Impact of a primary care lymphoedema service on cellulitis: audit and evaluation of economic implications in relation to diagnosis and history of cancer treatment.
(2016) Impact of a primary care lymphoedema service on cellulitis: audit and evaluation of economic implications in relation to diagnosis and history of cancer treatment., no. 29.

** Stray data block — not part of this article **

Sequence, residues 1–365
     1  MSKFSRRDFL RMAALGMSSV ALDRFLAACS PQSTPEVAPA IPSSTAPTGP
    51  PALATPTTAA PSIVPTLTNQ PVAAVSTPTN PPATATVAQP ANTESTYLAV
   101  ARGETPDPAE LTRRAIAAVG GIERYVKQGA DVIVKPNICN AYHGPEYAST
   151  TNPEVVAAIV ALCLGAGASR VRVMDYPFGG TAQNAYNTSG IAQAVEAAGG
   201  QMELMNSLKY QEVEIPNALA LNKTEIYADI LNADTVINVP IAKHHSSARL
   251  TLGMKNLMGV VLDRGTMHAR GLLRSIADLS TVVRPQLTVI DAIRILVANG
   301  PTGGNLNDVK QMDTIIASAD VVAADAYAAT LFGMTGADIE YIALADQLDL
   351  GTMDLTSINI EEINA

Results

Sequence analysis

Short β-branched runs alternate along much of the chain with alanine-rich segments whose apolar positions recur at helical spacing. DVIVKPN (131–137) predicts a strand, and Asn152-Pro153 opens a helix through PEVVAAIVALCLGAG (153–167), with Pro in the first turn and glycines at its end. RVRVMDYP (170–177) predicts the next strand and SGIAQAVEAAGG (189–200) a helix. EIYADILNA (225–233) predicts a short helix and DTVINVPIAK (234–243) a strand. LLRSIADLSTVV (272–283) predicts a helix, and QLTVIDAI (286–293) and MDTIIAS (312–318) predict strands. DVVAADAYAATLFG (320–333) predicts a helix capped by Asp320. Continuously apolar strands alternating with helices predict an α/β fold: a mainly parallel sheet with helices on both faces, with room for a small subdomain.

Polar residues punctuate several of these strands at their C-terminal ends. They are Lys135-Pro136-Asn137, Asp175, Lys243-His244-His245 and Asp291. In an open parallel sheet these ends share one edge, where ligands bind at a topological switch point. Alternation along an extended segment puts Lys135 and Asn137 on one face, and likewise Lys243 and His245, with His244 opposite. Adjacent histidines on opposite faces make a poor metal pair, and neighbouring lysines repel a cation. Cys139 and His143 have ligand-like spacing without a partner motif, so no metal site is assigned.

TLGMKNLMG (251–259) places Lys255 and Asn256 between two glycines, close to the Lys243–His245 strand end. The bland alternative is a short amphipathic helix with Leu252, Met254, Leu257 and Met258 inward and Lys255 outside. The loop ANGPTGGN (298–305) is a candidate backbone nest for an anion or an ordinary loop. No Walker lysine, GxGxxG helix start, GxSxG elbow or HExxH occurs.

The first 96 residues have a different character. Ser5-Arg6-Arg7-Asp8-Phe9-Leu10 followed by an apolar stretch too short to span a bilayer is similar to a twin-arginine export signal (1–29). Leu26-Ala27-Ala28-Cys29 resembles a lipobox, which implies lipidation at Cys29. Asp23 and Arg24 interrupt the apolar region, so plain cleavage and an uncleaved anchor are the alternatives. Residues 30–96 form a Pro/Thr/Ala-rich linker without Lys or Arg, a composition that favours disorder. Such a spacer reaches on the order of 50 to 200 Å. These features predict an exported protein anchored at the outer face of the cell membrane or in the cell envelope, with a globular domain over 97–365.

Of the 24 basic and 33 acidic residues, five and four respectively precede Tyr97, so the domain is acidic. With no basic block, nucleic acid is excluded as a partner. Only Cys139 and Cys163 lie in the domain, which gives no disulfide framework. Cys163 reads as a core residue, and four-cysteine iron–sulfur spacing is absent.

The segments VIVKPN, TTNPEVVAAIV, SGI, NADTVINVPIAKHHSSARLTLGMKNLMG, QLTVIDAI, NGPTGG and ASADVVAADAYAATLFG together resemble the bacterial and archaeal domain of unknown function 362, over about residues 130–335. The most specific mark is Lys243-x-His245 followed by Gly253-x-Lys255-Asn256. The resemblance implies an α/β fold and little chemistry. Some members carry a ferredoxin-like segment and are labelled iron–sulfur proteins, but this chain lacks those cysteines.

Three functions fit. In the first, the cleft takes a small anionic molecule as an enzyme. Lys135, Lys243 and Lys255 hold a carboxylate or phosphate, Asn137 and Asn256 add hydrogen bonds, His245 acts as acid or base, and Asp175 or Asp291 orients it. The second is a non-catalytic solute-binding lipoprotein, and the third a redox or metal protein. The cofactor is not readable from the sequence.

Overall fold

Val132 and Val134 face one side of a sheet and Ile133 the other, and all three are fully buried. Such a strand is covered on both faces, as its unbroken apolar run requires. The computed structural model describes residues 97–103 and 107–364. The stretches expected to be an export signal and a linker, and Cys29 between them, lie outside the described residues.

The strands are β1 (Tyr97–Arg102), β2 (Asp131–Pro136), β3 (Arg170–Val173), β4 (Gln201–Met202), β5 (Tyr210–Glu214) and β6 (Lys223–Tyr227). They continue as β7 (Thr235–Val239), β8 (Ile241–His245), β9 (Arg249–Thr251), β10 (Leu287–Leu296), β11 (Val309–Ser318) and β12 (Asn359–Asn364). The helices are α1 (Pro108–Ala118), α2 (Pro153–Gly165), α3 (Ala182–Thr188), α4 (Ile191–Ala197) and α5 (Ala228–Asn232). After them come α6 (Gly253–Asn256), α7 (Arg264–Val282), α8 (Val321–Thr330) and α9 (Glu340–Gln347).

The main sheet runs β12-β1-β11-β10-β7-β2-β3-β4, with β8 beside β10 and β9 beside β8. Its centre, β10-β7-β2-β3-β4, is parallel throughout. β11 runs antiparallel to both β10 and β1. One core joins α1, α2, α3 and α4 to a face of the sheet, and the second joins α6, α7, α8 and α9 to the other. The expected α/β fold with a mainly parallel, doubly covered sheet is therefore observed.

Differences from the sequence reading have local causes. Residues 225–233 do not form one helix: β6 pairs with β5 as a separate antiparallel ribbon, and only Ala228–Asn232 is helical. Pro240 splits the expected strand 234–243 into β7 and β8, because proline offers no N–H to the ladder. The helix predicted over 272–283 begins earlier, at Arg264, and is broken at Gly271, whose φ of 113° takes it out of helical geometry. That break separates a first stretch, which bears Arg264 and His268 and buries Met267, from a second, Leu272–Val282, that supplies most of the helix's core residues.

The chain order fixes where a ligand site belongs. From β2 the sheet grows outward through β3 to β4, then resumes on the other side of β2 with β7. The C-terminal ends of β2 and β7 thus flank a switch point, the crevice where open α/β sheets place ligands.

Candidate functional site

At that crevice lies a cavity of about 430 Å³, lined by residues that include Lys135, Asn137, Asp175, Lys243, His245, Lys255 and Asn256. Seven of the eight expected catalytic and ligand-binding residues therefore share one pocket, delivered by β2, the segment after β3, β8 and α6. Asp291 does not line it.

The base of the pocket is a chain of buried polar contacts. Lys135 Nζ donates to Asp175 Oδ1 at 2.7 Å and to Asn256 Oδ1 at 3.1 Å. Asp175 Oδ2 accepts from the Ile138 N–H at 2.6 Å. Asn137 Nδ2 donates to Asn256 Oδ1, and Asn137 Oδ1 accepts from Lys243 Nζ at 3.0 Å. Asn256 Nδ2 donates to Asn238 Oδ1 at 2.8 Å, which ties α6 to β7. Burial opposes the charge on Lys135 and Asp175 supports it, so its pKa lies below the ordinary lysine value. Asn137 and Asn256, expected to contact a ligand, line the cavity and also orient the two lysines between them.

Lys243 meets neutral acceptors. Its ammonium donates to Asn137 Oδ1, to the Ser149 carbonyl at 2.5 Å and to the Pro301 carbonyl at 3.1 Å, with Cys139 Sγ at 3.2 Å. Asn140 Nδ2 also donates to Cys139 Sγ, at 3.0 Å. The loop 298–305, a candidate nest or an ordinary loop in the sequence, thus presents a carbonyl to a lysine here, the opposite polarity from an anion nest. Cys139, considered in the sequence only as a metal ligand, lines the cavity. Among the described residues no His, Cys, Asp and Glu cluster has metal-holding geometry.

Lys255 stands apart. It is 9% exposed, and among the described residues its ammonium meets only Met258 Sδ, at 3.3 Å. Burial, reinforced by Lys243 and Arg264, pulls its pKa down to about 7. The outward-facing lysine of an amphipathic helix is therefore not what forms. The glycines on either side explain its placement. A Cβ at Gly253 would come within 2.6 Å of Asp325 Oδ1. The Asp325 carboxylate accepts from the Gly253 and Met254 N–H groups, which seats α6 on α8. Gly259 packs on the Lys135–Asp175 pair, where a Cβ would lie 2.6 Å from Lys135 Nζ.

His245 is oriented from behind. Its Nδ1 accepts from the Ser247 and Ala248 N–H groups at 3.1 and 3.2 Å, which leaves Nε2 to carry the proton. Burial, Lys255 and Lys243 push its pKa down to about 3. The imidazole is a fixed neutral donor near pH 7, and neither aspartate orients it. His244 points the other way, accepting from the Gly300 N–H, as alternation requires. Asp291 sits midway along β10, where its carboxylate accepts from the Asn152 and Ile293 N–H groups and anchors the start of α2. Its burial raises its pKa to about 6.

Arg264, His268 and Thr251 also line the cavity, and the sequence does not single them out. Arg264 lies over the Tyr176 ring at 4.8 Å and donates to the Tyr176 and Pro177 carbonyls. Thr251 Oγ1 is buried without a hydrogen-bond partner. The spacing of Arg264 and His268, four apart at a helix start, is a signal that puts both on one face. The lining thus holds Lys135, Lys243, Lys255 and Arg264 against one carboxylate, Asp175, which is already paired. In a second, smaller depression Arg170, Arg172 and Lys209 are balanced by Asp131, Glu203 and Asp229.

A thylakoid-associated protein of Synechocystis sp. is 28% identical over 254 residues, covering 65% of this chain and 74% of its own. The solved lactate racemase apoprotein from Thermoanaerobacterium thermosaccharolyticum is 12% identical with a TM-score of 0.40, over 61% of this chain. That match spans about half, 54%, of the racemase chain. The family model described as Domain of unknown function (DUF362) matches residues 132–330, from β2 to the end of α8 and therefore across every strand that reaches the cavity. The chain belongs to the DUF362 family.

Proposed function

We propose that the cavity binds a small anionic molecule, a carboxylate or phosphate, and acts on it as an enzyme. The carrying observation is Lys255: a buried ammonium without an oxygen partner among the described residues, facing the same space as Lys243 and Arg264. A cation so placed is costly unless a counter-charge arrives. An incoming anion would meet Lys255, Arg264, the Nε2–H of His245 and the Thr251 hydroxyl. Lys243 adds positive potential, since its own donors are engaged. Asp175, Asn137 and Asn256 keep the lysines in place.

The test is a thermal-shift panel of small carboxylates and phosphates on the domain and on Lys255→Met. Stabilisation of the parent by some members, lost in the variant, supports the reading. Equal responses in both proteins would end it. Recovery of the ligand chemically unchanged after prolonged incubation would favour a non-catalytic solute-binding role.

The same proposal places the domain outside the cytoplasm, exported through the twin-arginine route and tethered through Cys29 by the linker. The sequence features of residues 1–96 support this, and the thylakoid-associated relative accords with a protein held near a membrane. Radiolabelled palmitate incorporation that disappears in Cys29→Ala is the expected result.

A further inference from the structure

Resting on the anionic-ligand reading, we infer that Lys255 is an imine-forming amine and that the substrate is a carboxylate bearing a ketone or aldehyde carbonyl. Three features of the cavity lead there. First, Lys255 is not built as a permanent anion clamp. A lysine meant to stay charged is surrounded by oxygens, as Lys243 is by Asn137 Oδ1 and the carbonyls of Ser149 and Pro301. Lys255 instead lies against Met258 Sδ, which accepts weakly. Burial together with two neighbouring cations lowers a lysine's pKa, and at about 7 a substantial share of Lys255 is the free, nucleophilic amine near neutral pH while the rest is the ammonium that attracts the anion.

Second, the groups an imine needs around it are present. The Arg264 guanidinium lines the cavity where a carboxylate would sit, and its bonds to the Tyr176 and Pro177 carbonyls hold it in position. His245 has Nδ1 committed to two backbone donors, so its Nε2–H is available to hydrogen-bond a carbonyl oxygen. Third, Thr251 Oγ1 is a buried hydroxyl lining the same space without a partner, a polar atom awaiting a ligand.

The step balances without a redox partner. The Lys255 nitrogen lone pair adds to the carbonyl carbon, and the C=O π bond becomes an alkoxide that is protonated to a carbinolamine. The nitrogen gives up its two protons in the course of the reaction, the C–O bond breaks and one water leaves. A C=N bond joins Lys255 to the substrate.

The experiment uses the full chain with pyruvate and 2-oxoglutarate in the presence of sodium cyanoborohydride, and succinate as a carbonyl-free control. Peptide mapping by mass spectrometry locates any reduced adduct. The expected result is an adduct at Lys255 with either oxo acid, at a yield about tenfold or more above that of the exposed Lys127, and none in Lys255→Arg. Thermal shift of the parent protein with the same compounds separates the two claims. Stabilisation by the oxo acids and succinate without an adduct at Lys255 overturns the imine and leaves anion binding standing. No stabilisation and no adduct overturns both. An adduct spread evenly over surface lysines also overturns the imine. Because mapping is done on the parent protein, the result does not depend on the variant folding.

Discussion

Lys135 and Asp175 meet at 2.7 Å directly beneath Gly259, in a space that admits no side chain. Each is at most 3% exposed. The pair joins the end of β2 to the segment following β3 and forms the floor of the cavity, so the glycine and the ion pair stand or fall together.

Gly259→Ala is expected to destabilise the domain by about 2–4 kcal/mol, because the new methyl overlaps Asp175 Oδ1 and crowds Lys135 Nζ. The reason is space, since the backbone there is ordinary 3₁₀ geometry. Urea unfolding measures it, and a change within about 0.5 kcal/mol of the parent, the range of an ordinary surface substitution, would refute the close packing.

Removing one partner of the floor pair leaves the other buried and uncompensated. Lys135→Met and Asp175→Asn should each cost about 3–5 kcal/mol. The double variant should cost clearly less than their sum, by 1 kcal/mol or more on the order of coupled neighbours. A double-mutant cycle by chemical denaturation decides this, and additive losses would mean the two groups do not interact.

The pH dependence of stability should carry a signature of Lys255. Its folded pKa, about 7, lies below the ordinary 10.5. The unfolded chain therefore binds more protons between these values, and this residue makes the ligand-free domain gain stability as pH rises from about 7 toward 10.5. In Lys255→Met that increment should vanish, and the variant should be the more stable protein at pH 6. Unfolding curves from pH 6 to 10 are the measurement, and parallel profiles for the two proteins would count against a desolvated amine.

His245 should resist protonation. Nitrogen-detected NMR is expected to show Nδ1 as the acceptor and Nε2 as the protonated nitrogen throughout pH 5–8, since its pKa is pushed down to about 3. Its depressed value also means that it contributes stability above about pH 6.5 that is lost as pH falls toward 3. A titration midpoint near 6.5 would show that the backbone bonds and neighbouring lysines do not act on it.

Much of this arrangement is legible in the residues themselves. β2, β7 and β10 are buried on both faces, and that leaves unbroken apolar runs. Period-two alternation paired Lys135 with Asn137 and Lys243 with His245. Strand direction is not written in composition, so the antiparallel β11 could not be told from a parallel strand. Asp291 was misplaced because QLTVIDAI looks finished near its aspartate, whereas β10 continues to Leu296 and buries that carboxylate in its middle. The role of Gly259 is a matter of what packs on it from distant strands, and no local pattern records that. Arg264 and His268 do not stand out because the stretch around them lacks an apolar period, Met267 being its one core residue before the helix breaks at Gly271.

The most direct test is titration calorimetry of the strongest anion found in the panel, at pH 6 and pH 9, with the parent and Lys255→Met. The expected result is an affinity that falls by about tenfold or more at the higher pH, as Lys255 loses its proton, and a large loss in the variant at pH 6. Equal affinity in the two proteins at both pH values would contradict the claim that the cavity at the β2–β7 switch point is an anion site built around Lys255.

Question: what is the impact of a primary care lymphoedema service on cellulitis in relation to diagnosis and history of cancer? Design: A quantitative service evaluation with a retrospective, before and after study design. Participants: A total of 268 participants, taking part in the Lothian Primary Lymphoedema Service having experienced at least one episode of cellulitis. Intervention: Normal individualised treatment for lymphoedema including advice, education, exercises, manual therapy, compression therapy, psychosocial support, diet advice or and referral to weight management. Outcome measures: Limb Volume Pre- and Post-Treatment, measured using the tape measure method. Results: The 90 participants without a cancer diagnosis had a significantly higher pre-treatment limb volume (10195.06 ml (SD 4623.599) than the 42 participants with a previous cancer diagnosis (7922.18 ml (SD 5282.502) (95% CI 483.115 to 4062.465) .The groups did not differ significantly in their response to treatment. Participants with primary lymphoedema correlate negatively with a medium strength relationship for change in limb volume (Rp-bs= -.297) (95% CI -496 to 109). No other diagnosis had a statistically significant correlation with change in limb volume following treatment. Conclusion: Patient diagnosis and history of cancer affects their final outcome from the service. All secondary diagnoses correlate positively, if not significantly, with change in limb volume. Both cancer and non-cancer groups respond equally well to treatment. Patients with a cancer history have a significantly lower limb volume both entering the service and following treatment. Further longitudinal studies are required to investigate the effect diagnosis and early access to treatment have on patient outcome.